The supporting casts in both series have near-direct analogues to each other as well, and add key dimensions to the protagonists. Matt Murdock and Myron Bolitar both claim their college roommate as their professional partner, confidante, and best friend. Foggy Nelson, while initial designed as Daredevil’s comic relief, provides a voice of reason and emotional grounding for the melodrama that typically engulfs Matt Murdock. Windsor Horne-Lockwood reflects a more extreme viewpoint in the Bolitar series. Unlike Myron, Win is an old-money playboy who fully embraces the lifestyle of the loner vigilante, acting almost as a walking cautionary tale to his proclivity for violence and complete lack of empathy. Karen Page and Esperanza Diaz round out the “core trio” character setup that both series adopt, and while both function initially in a secretarial role, Karen is damsel in distress for almost the entirely of her existence in the written Daredevil mythos while Esperanza grows into an equal partner for Myron and represents a human connections that Myron steadily loses throughout the series.

Daredevil and the Bolitar novels are heavily steeped in noir conventions. The lives of both central characters are regularly impacted by “femme fatale” characters. The doomed romances with Elektra Natchios (first love/college girlfriend) and Milla Donovan (trauma-prone community activist) are defining moments in Matt Murdock’s 50-year history, and Myron’s involvement with Emily Downing (first love/college girlfriend), and Terese Collins (trauma-prone television anchor) have acted as catalysts to push Myron down increasingly dangerous paths. While both series are set in a “modern” era, organized crime is still alive in both worlds, and Matt’s complex relationship with Wilson Fisk echoes Myron’s ongoing issues with the Ache brothers in many of his novels.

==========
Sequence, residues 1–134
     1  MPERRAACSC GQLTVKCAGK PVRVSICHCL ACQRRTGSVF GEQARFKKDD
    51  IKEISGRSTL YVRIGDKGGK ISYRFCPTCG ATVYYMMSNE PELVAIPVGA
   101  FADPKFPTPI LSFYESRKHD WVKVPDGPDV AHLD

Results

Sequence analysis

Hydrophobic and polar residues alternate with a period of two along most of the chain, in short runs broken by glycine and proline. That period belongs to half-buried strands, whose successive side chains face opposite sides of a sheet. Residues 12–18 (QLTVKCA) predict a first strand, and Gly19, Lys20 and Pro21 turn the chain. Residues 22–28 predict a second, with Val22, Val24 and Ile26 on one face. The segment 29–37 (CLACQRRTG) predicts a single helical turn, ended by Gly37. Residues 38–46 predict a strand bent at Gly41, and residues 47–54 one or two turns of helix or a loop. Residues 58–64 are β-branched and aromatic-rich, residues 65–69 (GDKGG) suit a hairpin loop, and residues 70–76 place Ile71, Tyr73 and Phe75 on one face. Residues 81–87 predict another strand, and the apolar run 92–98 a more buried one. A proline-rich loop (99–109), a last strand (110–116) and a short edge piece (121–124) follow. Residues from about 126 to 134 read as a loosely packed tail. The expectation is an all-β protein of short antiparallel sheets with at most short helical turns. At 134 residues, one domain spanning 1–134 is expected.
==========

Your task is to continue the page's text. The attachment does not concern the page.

I could easily spend another thousand words describing the oddly specific surface-level similarities between Matt Murdock and Myron Bolitar, but my intent is not to make any insinuations regarding Harlan Coben, one of my literary idols. The basic template for both characters has existed long before either was created, as exemplified by Zorro, the Shadow, and Batman. These characters have uniquely inspired me because the most important traits they share are their unbending morality and endless resilience.

Matt Murdock and Myron Bolitar are both influenced by their religion. Matt’s Catholicism is more overt than Myron’s Judaism due to the more in-your-face nature of comic books, but in each case their faith is deployed to examine the nature of their choices, make the correct decisions, and comfort them in the face of adversity. Religion in both books isn’t works as the evangelical sledgehammer or blanket excuse for discrimination it is in today’s world, but rather a ploughshare for fixing injustice or solving the problems of those in need. While Matt Murdock may have heightened senses, he and Myron are both ordinary men working to the best of their ability and means to heal their worlds.